Do I Need to Clean My Unused Fireplace?

Decorative unused fireplace with candles

Open any interior design magazine and you’re likely to spot one: The Unused Fireplace – retired, but still looking great with a stylish makeover. Maybe you’re even considering doing it yourself, thinking you may save money because you won’t need an annual chimney inspection and cleaning. Think again.

Your fireplace is more than just decoration. It’s an integral part of your home’s ventilation system. And even if you’re not using it, your natural-gas or oil-fueled appliances are. Not only that, it could be home to fur or feathered critters who aren’t afraid to leave nesting debris and other “calling cards” behind. So even if you no longer use it as a traditional fireplace, you’ll still need to keep it in good working order.

Your Chimney is Your Home’s Respiratory System

Sometimes we talk about the fireplace being the heart of the home. But really, it’s more like the lungs.

If you use a gas- or oil-fueled appliance, such as a furnace, it relies on the chimney for proper exhaust venting. It takes harmful by-products (like carbon monoxide) created by burning these fuels and “exhales” them outside, where they’re no longer a danger to the home’s inhabitants. In addition to carrying off toxic gases, chimneys also create the draft (like an “inhale,” or flow of air) that provides the proper air and fuel mixture for efficient operation of the heating appliance.

Oil-fueled appliances can generate soot, which is known to build up in flues and chimney liners – just like the soot that is generated from wood fires. Excessive soot causes problems that range from chimney fires, to flue deterioration, to chimney blockages that can direct toxic fumes back into the house.

Natural gas is a clean-burning fuel, but today’s high-efficiency gas furnaces pose a special problem. The fumes they produce are cooler and contain high levels of water vapor, which are more likely to cause condensation than those produced by older models. Since these vapors also contain chemicals picked up from house-supplied combustion air, the flues can be subject to corrosive conditions. Not only that, many gas appliances use chimneys that once served oil furnaces. If the liners of these chimneys are made of terracotta, they deteriorate particularly fast when the corrosive, water-laden gas vapors mix with old oil soot deposits. The result is debris that builds up at the bottom of the flue and block the chimney.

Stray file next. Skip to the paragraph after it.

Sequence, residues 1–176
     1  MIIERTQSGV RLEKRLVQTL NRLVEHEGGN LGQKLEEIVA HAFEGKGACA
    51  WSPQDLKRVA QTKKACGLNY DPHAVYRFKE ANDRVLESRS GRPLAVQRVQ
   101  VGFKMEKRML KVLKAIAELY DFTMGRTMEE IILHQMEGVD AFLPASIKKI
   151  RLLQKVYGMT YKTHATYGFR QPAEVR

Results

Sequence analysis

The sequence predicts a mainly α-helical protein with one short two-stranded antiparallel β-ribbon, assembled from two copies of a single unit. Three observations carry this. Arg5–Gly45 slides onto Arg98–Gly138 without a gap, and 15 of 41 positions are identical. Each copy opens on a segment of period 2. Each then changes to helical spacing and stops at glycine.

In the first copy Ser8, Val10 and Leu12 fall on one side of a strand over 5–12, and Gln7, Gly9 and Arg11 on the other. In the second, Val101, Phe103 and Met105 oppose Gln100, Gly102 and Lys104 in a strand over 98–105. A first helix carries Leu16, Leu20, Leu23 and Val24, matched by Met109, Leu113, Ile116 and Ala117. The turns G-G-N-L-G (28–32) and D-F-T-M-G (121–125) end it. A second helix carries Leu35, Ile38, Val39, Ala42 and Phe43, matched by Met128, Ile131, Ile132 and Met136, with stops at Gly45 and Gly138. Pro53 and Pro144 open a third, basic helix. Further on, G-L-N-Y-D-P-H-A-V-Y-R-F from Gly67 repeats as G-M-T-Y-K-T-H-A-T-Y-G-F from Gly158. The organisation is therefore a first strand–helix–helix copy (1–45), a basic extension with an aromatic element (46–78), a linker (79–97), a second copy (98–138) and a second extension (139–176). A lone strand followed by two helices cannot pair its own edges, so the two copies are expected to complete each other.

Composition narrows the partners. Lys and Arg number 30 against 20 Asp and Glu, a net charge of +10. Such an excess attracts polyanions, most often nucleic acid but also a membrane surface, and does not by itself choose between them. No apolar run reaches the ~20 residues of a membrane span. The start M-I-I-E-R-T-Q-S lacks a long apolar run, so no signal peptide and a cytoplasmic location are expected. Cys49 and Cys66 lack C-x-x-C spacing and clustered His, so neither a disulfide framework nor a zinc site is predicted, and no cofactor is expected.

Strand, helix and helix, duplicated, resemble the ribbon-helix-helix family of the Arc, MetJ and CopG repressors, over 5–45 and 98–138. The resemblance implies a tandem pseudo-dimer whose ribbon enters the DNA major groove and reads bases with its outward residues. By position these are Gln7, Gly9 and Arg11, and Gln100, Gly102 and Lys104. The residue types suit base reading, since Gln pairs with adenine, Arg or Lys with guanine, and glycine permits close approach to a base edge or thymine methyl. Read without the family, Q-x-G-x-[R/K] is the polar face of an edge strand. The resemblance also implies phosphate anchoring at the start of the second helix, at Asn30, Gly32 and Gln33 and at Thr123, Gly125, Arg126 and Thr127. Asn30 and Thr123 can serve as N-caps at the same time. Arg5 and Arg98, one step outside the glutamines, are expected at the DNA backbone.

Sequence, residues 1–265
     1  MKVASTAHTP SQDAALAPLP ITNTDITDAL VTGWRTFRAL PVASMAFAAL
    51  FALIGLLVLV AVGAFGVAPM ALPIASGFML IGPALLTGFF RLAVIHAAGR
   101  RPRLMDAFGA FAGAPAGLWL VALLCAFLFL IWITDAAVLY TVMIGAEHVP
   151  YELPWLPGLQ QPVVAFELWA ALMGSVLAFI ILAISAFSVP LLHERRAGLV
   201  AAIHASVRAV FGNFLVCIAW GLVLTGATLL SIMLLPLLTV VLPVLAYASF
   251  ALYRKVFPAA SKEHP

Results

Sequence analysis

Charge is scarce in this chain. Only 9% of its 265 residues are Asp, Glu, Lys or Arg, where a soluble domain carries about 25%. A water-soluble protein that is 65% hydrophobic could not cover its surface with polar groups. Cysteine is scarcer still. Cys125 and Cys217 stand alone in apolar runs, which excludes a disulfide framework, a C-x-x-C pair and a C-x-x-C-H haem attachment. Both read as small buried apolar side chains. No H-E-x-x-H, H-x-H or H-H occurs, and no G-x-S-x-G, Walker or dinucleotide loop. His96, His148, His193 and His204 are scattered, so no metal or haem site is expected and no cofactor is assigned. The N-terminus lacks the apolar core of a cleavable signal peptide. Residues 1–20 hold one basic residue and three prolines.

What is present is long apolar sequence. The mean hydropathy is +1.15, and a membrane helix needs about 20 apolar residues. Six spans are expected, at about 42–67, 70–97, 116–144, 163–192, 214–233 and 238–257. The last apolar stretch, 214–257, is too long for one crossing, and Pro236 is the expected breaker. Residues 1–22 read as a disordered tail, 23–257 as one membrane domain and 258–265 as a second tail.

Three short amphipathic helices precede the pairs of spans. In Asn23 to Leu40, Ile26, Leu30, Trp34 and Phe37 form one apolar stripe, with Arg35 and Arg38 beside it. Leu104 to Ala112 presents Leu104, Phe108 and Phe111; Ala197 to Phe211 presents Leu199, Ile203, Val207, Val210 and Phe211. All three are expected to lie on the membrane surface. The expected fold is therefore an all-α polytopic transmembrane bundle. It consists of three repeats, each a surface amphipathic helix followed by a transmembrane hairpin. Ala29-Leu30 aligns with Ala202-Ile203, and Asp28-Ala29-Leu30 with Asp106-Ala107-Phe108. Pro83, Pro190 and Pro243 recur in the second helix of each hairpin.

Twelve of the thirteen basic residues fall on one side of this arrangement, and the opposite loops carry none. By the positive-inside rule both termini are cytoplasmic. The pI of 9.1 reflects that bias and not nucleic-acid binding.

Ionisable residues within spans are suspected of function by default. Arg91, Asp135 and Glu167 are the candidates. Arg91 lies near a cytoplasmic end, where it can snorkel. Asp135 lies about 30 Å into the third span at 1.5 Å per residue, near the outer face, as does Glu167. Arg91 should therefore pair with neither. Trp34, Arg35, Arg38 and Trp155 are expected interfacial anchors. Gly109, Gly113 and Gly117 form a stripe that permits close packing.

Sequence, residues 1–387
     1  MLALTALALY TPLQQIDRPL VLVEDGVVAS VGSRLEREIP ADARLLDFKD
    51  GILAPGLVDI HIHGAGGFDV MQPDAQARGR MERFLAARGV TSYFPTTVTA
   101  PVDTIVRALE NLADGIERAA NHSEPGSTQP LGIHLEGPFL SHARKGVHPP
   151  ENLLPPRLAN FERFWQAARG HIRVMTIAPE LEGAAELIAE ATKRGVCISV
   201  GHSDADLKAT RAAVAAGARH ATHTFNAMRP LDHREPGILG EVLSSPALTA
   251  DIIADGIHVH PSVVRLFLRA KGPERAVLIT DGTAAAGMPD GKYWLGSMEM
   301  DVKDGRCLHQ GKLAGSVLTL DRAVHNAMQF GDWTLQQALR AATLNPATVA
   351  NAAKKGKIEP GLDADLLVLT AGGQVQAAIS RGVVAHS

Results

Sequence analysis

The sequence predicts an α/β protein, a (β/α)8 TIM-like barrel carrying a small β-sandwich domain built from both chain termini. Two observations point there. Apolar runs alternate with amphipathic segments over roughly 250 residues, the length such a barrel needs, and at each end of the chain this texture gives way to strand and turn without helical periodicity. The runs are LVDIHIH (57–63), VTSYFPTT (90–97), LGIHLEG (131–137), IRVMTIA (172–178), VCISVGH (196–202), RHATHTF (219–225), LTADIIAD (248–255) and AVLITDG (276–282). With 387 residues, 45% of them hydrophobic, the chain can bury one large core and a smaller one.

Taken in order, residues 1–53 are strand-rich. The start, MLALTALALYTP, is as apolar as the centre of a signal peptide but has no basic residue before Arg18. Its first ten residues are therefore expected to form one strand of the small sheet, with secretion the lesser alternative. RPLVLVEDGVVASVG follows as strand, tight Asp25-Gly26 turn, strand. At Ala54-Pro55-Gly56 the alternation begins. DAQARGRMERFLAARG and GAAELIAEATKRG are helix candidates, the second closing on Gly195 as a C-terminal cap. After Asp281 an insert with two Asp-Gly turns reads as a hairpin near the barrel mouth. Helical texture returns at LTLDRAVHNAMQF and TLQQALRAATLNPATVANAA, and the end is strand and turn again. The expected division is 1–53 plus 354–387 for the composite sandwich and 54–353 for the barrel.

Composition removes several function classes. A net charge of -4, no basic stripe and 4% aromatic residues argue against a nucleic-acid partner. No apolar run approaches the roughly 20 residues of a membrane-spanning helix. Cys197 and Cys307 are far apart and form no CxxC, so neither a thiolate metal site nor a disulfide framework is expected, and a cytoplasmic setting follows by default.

In many cases, this buildup and damage occurs without any external symptoms. Without regular inspections, you won’t know there is a problem until it turns into a dangerous situation requiring an expensive repair.

Your Chimney May be “Home Sweet Home” to Nature’s Squatters

Your uncapped chimney may look like the perfect new home for birds, raccoons, and squirrels – especially if it hasn’t been used for a while. And with weather like we’ve been having, who could blame them?

But these squatters aren’t known for their housekeeping skills. Nesting debris like wood and mud can quickly clog a chimney, and that’s not the only thing they leave behind, if you know what we mean. Why is this a problem if you’re not using the fireplace? Two words: The smell.

While everyone loves the smell of a wood fire, the smells that linger in a fireplace when it’s not in use aren’t as pleasant. That “musty fireplace smell” that’s so common in the spring could indicate water damage in your chimney. If your fireplace has a different smell – decomposing matter, or animal waste – that’s also a sign it needs a good cleaning. If you happen to hear skittering, scratching, our chirping coming from your chimney, it probably has an active resident. Call your local animal rescue immediately; these experts can safely remove the animal and return it back to the wilderness. Under no circumstances should you try to build a fire and smoke the animal out.

Even if you no longer fire-up your fireplace, you still need to have your chimney cleaned and inspected annually. Think of it like an annual physical for your house. Since your chimney and flue help your house “breathe,” you’ll want to make sure they’re in peak physical condition. Or if there’s a problem, you’ll want to know about it before it becomes a bigger, more costly issue. It’s one checkup that can keep you and your family breathing a lot easier.


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